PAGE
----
Cathedral of San Rufino (Duomo di San Rufino)

Visit this 13th-century Romanesque cathedral to learn the illustrious history of the site and to stand in the spot where St. Francis was baptized in 1182.

Although less famed than some of the other religious buildings in Assisi, the Cathedral of San Rufino is a site of enormous historic, spiritual and architectural significance. Dedicated to Assisi’s patron saint, Rufinus of Assisi, who converted the town to Christianity in the 3rd century, the Cathedral of San Rufino stands on the ruins of two other religious buildings. Explore the cathedral’s interior, the surrounding piazza and the subterranean crypt to see a diverse array of architectural styles and learn about the importance of the site in the history of the Franciscan Order.

Admire the western façade, which is constructed in an elegant Romanesque style, embellished with decorative friezes, reliefs of lions and griffins guarding the doors. Look for the decorative wheel-shaped rose windows towering over the cathedral’s entrances. From this viewpoint you can also see the bell tower to the left of the cathedral, which predates the cathedral by over a century, showing development in architectural styles and construction techniques.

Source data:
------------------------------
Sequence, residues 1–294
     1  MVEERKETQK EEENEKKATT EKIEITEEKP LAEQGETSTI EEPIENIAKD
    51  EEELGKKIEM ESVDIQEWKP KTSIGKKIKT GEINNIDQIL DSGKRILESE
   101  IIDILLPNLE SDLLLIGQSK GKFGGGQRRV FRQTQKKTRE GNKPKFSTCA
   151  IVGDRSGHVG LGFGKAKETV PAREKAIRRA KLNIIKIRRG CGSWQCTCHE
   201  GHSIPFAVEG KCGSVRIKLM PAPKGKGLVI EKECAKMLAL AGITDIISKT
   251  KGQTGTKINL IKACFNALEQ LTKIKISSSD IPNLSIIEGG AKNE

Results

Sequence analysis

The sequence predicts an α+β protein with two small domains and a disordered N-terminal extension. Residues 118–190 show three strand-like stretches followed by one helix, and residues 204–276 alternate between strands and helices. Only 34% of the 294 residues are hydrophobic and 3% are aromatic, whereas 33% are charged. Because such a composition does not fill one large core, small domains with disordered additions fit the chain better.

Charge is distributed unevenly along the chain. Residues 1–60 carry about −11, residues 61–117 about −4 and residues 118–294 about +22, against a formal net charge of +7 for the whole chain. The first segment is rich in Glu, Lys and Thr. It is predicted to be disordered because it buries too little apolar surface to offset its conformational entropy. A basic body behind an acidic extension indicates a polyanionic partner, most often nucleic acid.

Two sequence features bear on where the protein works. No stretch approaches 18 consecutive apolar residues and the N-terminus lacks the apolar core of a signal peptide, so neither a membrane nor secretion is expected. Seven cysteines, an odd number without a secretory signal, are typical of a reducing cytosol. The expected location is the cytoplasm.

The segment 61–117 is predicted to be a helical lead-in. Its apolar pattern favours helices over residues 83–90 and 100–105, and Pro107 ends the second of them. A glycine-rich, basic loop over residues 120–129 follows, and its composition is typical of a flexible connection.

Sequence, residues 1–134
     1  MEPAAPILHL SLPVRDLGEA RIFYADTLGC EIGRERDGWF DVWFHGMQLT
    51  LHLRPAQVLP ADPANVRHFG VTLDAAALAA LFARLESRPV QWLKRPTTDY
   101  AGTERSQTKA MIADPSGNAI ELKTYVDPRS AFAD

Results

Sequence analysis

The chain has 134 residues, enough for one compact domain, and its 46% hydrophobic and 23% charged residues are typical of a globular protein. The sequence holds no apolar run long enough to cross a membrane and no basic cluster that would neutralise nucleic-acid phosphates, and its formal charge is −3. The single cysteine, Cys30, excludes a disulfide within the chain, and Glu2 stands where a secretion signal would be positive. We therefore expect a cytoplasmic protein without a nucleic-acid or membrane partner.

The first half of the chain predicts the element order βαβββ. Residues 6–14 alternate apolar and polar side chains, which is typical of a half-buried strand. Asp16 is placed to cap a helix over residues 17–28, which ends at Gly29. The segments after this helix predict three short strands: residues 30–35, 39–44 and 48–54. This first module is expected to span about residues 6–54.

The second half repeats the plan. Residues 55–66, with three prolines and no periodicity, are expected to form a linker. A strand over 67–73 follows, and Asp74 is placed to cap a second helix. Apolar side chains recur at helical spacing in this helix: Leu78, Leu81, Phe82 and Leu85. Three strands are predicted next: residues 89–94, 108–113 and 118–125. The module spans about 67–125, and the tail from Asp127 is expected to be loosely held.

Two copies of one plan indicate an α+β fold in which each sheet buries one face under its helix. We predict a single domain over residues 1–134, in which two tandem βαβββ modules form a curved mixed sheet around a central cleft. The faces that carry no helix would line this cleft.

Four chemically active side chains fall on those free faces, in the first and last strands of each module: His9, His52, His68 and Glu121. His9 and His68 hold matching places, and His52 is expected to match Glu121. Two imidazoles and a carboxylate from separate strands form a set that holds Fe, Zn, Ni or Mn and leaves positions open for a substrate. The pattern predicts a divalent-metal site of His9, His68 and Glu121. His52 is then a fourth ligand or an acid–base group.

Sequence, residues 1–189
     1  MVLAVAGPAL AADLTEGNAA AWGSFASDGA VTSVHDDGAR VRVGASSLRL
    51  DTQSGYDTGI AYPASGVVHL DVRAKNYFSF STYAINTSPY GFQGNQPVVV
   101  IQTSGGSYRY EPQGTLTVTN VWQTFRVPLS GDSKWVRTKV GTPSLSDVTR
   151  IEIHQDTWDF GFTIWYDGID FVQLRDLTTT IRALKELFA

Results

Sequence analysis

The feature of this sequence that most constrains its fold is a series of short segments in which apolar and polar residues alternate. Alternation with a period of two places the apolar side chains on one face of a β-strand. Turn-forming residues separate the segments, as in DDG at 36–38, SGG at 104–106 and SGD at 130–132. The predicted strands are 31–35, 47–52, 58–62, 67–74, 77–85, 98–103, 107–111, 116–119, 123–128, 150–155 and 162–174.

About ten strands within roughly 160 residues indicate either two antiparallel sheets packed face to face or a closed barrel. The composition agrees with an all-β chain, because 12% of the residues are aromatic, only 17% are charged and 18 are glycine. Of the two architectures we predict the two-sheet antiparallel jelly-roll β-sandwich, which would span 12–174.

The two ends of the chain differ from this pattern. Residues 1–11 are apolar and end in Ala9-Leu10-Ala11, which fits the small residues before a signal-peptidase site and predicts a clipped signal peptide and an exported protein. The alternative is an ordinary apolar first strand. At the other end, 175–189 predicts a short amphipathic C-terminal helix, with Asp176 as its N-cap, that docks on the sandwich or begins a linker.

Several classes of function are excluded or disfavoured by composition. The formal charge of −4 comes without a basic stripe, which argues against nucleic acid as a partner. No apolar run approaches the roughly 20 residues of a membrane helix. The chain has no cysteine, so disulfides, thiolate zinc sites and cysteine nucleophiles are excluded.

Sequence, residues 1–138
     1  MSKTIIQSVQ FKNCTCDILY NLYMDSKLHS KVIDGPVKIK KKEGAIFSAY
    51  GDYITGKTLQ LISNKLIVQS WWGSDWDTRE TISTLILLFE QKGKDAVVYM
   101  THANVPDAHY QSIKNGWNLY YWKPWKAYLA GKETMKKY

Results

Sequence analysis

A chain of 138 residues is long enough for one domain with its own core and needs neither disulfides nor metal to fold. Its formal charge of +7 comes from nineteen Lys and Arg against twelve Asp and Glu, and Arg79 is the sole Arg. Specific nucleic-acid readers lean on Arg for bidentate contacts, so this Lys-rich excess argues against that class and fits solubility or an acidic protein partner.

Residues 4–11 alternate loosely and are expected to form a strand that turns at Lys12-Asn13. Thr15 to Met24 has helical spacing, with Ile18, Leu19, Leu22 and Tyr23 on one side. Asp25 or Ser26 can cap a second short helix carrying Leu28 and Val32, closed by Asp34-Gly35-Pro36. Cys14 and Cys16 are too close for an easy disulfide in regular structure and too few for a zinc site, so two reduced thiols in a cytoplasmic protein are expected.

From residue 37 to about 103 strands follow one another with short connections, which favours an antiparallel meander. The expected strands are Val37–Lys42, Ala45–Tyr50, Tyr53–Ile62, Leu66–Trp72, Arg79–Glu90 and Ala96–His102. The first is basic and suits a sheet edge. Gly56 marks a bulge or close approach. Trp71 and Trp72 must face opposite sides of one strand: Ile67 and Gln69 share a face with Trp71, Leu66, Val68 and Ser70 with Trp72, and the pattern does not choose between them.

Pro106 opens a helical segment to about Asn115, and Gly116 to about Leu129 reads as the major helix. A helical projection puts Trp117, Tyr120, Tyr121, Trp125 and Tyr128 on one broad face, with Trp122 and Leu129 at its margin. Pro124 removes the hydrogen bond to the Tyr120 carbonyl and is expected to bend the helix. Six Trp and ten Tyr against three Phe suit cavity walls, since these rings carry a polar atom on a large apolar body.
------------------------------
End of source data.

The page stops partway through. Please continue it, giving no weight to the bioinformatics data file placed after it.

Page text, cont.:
Move slowly through the central nave of the cathedral, taking in the ornately decorated altars and massive pillars that support the dome overhead. Look down through the transparent glass panels below your feet to see the old church ruins on which the present cathedral was built.

Make your way to the ancient baptismal font beside the entrance at the right-hand nave. It was at this site that St. Francis, the patron saint of Italy, and many of his original disciples, including St. Clare, were baptized.

Go to the church museum to see a range of detached frescoes from the 12th and 13th centuries, various paintings and a small architectural collection. From here you can enter the crypt, which houses the remains of a church built on this site in the 11th century alongside a 3rd-century Roman sarcophagus holding Rufinus’ relics.  

The Cathedral of San Rufino is open daily, though times vary according to the season and it is often closed during lunch hours. Admission to the main cathedral is free but there is a fee to enter the cathedral museum and crypt.



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